The nameless shopkeeper who has brought Qiao to Xinjiang is equally pivotal in bringing about this miracle. Designed to be a science fiction writer, he is the auteur’s self-portrait in disguise, a storyteller who dreams of transcending reality by tracking down the unknowable through a fictional project. This seemingly minor character enunciates the film’s most revealing punch line: “[W]e are all prisoners of the universe.” Though too timid to love a real prisoner, he brings on board a copy of UFO Exploration, a popular science magazine which since its first issue at the threshold of the Reform and Open-up Era in 1981 has inspired the explorative fantasy of a whole generation (see Figure 9). The popularity of this magazine also anticipated the rise of a science fiction new wave in China in the 1990s, partly encouraged by Hollywood sci-fi films and promoted mostly through online science-fiction fandom (Song, Science-Fiction 64-5). As Song Mingwei puts it, “[t]he new wave has unleashed a nightmarish unconscious of a dream that does not necessarily belong to an individual but rather to a collective entity” (“Introduction” xiii). Likewise, despite Qiao’s hopeful UFO sighting, Act Three of Ash conveys rather Jia’s digital pessimism and exposes what Zima calls the “disintegration [of lyrical subjectivity] in society, psyche and language” (45).
Set in 2017, Act Three represents a contemporary China where the mobile screen mediates individual link with the digital web. An online rumor about collective migration has portended the precarious nature of virtual utopia in Act One. Now in Act Three, when the homecoming Bin loses his direction in the transformed city, a mobile map with GPS tracking instantly locks on to him with cold schematic abstraction (see Figure 10). Then the close-up on the mobile screen in Bin’s gloved hand cuts to a bird-eye view of the estranged cityscape. Tilting while panning, as if to simulate the movement of the earth, the camerawork shows a half sunlit, half shadowed city in its constant counterclockwise rotation. A panoramic overview of the same city in 2001 presents a chaotic jumble of skyscrapers in the background, an ancient temple complex in the midground, and old buildings under demolition in the foreground. The temporal contrast in topography manifests the invisibility of individual lives despite their participation in this great drama of vicissitude and change.
The digital web has transformed the present-day gang world as well. A mobile phone replaces the illegal gun when a discontented former underling takes his revenge by broadcasting the wheelchaired image of Bin to make his downfall a laughing stock. When Bin reacts by taking up a bet on his indispensable wheelchair, many more switch on their webcams to scandalize this scene. Online sharing, Jia has argued, might lead to nothing but “an illusion of information” and a monist value system if not based on individual agency (Jia Zhangke Speaks Out II 189). According to a parody paper he wrote to express his cosmological view, human beings today have lost the divine ability “to understand and communicate with the most sensitive information of the universe,” whereas technologies from radio to digital information constitute “nothing but the fog between humanity and the universe” (Z. Xu 2017). Bin’s selfie in the traditional Chinese clinic also translates the auteur’s suspicion of media technology. Cornered to the lower left side of the screen, with a cigarette in his mouth and dozens of acupuncture needles into his head, the digital portrait captures Bin’s pent-up face with a ridiculous low angle close-up distortion (see Figure 11). This recognition moment predicts Bin’s illusion-breaking departure near the end of the film.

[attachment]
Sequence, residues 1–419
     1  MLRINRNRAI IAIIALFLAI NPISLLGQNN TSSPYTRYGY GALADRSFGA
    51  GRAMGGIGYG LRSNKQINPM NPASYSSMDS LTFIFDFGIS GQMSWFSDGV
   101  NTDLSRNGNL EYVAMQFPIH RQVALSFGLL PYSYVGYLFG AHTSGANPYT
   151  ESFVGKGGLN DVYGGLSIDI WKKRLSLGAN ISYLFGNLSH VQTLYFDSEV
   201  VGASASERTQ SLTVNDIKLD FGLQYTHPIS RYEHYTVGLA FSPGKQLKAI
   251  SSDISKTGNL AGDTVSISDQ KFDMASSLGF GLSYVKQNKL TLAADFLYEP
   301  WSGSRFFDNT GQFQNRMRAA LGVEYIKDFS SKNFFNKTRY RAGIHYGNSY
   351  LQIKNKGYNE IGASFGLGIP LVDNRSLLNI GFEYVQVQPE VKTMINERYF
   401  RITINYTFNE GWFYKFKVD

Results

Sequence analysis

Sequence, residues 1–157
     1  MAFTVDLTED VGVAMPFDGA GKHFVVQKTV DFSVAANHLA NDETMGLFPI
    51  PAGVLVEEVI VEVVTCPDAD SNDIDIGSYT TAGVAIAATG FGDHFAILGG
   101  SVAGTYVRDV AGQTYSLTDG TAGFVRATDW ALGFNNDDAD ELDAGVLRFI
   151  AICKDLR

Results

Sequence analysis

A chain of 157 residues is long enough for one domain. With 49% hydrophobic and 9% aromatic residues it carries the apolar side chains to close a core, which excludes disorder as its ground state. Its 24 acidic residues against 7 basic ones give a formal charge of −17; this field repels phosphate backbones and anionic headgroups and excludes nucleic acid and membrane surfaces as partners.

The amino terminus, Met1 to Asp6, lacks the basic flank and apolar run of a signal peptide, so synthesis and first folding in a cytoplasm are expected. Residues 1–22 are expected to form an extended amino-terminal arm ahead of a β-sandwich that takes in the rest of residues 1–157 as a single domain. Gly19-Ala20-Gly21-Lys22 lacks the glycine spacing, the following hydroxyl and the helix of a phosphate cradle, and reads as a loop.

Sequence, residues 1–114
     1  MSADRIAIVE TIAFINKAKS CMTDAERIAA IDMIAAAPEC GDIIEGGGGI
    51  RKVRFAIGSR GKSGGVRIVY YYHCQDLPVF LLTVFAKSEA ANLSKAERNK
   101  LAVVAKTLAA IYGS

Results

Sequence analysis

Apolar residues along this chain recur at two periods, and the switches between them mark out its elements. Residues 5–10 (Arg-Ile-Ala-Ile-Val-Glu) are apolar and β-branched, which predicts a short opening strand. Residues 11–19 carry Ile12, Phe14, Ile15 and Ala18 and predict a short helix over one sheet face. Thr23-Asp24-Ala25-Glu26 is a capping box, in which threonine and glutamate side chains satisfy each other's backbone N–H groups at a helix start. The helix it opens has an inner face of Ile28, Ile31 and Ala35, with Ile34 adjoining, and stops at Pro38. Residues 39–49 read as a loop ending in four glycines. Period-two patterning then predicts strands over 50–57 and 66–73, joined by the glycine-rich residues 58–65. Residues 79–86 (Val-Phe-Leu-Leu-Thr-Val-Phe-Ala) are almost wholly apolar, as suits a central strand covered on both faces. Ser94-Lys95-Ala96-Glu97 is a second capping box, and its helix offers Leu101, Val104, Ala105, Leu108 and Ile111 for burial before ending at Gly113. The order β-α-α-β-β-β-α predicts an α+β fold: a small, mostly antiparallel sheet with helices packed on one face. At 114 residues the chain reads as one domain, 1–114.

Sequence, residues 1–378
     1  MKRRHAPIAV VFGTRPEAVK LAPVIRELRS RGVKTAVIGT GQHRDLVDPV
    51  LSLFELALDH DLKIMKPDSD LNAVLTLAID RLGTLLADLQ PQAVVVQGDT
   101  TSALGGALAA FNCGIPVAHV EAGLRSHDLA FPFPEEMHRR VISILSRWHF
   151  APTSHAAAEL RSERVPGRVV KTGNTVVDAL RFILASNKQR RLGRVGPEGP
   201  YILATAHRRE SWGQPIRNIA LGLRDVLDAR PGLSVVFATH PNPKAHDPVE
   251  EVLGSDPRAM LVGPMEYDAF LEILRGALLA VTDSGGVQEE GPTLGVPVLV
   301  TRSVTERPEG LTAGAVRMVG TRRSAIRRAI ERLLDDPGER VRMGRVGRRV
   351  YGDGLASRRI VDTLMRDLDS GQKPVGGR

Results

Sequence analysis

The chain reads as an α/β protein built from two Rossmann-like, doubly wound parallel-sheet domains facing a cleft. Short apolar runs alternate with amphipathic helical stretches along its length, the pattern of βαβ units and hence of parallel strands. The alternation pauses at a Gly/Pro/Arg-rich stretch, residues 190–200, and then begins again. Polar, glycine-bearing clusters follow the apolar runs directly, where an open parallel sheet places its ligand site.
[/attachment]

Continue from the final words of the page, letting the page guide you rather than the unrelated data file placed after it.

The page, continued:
Just when the audiences start to expect a happy ending after Bin’s miraculous recovering, the runaway hero penetrates the screen and throws the gaze of spectators back to themselves. Like the little child who suddenly awakes and stares into the video camera in the opening sequence, in Act One Bin has stared into the eyes of the audience before turning aside to release the bullet when he teaches Qiao how to fire a gun. That provocative in-your-face moment, though brief, anticipates Bin’s Brechtian gaze upon his departure in Act Three. When the news broadcast from Voice of China officially sets the time at 7:00 AM on 1 January 2018, Bin walks with a cane into the corridor and, before plodding out of sight, sharply turns his head toward the audience and glares into their eyes for more than 7 seconds (see Figure 12). Then his voice message “Gone” comes in curtly through Qiao’s mobile screen. Played twice, the mediatized reproducible voice ironizes his physical absence to resonate with her solitude. Bin’s abrupt leaving has led many to question his moral accountability, but that farewell stare drills into the digital void behind the camera and raises self-reflexive doubts within an empathetic spectator.